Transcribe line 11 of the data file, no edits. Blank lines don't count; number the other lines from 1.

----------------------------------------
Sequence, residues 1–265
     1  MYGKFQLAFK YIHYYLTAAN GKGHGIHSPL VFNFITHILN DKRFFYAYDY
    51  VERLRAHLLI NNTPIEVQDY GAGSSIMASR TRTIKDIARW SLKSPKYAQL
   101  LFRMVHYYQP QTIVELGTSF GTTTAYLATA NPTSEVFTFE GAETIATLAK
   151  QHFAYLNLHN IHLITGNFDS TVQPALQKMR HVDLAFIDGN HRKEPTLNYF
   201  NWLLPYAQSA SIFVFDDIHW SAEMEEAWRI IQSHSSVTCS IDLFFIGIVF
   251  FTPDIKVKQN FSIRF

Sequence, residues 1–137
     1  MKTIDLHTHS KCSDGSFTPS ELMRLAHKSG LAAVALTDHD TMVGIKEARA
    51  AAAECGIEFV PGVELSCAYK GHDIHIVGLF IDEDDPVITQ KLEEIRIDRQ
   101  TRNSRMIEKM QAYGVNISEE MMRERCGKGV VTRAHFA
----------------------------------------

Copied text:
   101  TRNSRMIEKM QAYGVNISEE MMRERCGKGV VTRAHFA